Monday, 30 April 2012

Breakthrough with "...a Catholic Girlhood"



Memories of a Catholic Girlhood, the most powerful of McCarthy's published writings, is a compelling account of her early years through to her adolescence. Beginning her narrative with a careful, italicized address to the reader, the author sets the tone for the following eight chapters by reflecting that “to care for the quarrels of the past . . . is to experience a kind of straining against reality, a rebellious nonconformity that, again, is rare in America."  
St Stephen's
Although she renounced religion at an early age, McCarthy was a pious child, and much of Memories of a Catholic Girlhood concerns how Catholicism shaped her adult thinking. She writes of her experiences at St Stephen's:


Looking back, I see that it was religion that saved me. Our ugly church and parochial school provided me with my only aesthetic outlet, in the words of the Mass and the litanies and the old Latin hymns, in the Easter lilies around the altar, rosaries, ornamented prayer books, votive lamps, holy cards stamped in gold and decorated with flower wreaths and a saint’s picture. This side of Catholicism, much of it cheapened and debased by mass production, was for me, nevertheless, the equivalent of Gothic cathedrals and illuminated manuscripts and mystery plays. I threw myself into it with ardor, this sensuous life ... .


What's particularly fascinating about this book is how McCarthy takes all the choices she makes as a memoirist and subjects them to  intense scrutiny. She discusses the temptation to fictionalise, the reliability of memory, the reasons to include or exclude information, the problematic process of re-shaping events and recollections into a cohesive narrative.


From Paula Becker on HistoryLink.org 


"Mary Therese McCarthy was born on June 21, 1912, at Minor Hospital in Seattle. Her parents were Seattle native Tess Preston McCarthy (1888-1918) and Roy McCarthy (1880-1918), son of a family of successful grain merchants in Minneapolis.
Tess, whose mother, Augusta Morgenstern Preston (1865-1954), was Jewish and whose father, prominent Seattle attorney Harold Preston (1858-1938) was Protestant, had converted to Catholicism at the time of her marriage. Mary was baptized at St. James Cathedral in Seattle by Father Noonan.
Tess & Mary
Young Mary started school at Sacred Heart Convent/Forest Ridge in Seattle, a private girls school run by sisters of the Sacred Heart of Jesus, but almost immediately came down with chicken pox. When she recovered she attended school for only eight days before all Seattle schools were ordered closed to help stem the spread of the global influenza pandemic then raging through the state. Before the school reopened Mary, her three younger brothers, and her parents (along with an aunt and uncle) departed by train for Minneapolis, where they were planning to live near Roy McCarthy's parents. While en route the family members fell ill with influenza. By the time they reached their destination Roy and Tess were so ill they had to be carried off the train on stretchers. Both died shortly thereafter.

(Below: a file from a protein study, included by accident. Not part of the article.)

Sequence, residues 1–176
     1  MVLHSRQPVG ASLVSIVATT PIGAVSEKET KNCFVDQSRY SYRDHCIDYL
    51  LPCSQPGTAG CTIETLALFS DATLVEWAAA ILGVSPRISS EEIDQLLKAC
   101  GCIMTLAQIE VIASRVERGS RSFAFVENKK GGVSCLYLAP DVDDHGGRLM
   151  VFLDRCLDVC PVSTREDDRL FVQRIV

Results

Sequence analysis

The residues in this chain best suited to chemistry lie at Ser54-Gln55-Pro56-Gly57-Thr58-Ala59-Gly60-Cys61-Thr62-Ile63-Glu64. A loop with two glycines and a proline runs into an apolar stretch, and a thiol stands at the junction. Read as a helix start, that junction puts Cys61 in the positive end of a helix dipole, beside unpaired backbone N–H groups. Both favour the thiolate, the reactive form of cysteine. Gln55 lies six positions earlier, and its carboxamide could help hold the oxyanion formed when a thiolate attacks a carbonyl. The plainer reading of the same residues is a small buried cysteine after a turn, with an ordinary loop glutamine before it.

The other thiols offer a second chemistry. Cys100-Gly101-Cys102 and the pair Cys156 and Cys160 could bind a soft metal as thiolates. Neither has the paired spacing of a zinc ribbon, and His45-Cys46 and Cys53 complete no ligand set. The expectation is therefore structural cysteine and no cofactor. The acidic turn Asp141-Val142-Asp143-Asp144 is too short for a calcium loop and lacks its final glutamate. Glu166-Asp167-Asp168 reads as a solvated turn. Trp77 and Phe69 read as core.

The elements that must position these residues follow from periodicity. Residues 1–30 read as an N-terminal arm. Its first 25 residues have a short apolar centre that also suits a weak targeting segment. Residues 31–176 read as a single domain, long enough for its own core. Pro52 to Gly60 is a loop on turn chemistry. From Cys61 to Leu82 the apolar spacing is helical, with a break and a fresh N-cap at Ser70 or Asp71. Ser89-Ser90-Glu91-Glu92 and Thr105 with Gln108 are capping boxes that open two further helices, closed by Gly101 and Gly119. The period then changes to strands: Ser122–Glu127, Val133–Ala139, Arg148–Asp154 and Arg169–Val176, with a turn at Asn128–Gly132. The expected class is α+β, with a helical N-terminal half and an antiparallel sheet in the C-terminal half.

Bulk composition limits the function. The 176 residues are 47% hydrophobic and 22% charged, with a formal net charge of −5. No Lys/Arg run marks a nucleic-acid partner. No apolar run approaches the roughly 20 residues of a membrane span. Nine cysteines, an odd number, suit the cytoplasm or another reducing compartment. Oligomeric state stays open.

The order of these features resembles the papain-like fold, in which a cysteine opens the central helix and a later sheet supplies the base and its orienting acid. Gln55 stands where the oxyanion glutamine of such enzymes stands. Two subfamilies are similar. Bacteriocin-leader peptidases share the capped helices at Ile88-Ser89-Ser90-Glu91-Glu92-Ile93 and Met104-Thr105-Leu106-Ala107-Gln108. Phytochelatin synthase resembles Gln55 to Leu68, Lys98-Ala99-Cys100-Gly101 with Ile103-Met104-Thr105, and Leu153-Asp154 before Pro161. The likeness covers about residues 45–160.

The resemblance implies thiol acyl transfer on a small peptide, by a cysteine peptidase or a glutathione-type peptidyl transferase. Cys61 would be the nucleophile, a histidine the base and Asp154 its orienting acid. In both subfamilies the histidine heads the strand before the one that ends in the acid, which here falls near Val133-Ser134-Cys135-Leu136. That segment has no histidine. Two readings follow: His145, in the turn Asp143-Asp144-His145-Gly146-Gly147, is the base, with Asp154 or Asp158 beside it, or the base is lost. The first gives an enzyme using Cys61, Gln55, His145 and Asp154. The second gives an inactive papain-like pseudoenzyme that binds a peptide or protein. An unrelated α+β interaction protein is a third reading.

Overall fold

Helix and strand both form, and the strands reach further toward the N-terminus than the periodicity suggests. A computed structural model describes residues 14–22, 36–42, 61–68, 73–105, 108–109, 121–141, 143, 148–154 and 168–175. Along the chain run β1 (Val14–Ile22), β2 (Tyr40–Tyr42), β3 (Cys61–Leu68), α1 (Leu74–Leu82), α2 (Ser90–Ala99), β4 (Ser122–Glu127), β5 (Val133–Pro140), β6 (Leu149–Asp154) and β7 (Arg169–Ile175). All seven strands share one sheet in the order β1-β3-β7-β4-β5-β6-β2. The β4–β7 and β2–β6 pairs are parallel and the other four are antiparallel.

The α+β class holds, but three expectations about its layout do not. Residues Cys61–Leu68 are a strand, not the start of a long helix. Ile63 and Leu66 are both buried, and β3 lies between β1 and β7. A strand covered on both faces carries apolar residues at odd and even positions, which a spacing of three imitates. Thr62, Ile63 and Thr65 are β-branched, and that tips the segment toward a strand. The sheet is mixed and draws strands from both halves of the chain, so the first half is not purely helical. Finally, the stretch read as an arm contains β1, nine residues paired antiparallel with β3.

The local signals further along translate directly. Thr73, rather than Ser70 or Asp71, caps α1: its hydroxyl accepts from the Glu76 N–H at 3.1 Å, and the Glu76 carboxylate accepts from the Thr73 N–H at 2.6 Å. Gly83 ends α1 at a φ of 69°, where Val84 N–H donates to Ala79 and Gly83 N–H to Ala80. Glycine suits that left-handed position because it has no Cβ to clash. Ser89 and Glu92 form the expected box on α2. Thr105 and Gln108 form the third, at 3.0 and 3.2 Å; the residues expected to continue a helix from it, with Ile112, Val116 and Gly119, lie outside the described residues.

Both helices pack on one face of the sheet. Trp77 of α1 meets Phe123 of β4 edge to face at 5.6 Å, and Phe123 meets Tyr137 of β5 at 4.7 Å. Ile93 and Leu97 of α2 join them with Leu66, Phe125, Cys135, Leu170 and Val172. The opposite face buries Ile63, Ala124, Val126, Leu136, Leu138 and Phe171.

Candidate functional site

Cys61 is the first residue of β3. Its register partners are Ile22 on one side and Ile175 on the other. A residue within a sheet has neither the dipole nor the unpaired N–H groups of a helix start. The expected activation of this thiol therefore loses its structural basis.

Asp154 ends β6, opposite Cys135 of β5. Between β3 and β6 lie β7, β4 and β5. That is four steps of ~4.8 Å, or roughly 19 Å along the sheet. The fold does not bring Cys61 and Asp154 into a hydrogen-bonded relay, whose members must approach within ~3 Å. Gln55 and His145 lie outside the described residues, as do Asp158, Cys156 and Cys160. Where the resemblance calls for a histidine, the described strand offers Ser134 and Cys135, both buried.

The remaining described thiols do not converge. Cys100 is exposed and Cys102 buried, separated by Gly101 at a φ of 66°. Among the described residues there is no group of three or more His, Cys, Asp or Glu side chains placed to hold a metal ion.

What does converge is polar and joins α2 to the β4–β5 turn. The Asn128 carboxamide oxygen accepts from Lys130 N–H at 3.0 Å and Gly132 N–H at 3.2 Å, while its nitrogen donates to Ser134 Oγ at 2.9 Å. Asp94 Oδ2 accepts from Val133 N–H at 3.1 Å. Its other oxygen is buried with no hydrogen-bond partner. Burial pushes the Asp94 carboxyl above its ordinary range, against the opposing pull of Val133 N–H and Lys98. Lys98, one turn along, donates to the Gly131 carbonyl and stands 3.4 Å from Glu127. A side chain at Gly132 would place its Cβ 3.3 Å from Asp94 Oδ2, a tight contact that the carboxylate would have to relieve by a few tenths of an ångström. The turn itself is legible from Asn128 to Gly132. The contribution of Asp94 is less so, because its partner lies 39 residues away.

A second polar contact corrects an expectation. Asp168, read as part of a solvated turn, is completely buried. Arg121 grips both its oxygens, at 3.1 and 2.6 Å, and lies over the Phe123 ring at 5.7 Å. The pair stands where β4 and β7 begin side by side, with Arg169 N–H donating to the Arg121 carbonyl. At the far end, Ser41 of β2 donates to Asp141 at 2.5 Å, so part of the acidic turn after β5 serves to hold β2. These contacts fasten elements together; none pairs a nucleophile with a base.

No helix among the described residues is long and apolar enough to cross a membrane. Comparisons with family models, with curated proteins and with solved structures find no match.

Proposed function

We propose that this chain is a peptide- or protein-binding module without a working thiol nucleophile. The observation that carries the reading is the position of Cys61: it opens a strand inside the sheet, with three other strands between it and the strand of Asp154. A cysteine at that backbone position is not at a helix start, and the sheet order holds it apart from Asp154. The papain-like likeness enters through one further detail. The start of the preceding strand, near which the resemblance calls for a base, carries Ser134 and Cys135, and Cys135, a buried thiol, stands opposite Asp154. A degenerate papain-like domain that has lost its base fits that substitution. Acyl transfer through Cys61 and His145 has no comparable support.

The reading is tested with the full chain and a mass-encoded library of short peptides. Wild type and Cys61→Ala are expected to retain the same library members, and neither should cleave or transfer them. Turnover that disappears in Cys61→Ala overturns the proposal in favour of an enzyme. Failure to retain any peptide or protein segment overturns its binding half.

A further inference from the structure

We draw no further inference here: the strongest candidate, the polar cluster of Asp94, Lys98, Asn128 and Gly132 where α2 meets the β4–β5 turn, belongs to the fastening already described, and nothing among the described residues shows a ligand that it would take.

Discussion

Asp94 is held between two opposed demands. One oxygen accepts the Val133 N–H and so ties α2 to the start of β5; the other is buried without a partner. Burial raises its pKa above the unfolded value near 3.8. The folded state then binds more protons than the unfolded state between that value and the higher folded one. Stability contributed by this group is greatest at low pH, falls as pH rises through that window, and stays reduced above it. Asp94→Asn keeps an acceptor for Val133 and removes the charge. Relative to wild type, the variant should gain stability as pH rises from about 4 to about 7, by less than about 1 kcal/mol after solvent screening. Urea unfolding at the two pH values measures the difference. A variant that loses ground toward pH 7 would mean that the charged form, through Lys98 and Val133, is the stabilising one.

From a Dickens Novel 
The four orphaned children were not told that their parents had died. Their paternal grandparents put them in the care of Margaret and Meyers Shriver, a paternal great-aunt and her husband, then in their mid-50s.
Of her years in Minneapolis McCarthy later wrote, "It was as though these ignorant people, at sea with four frightened children, had taken a Dickens novel -- Oliver Twist, perhaps, or Nicholas Nickleby -- for a navigational chart" (Memories ... p. 64). Her account of the treatment she and her three younger brothers received includes food deprivation, corporal punishment, being locked outside for hours no matter what the weather, having their mouths taped shut at night to prevent mouth breathing, and other acts of cruelty. When Mary, then age 10, was awarded a $25 prize in a statewide essay contest, her great-uncle took the money and "furiously beat me with the razor strop -- to teach me a lesson, he said, lest I become stuck up" (Memories ... p. 63).
In 1923 Mary and her brother Kevin eventually were able to convey their terrible situation to their visiting maternal grandfather. Kevin and Preston were sent to a Minnesota boarding school. Sheridan, the youngest brother (whose treatment was apparently less barbarous), remained with the Shrivers. Mary returned to Seattle to live with her maternal grandparents."


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MinnPost illustration by Andy Sturdevant
The first part of 'Memories of a Catholic Girlhood' takes place in Minneapolis, primarily within a 10-block radius of the Whittier neighborhood.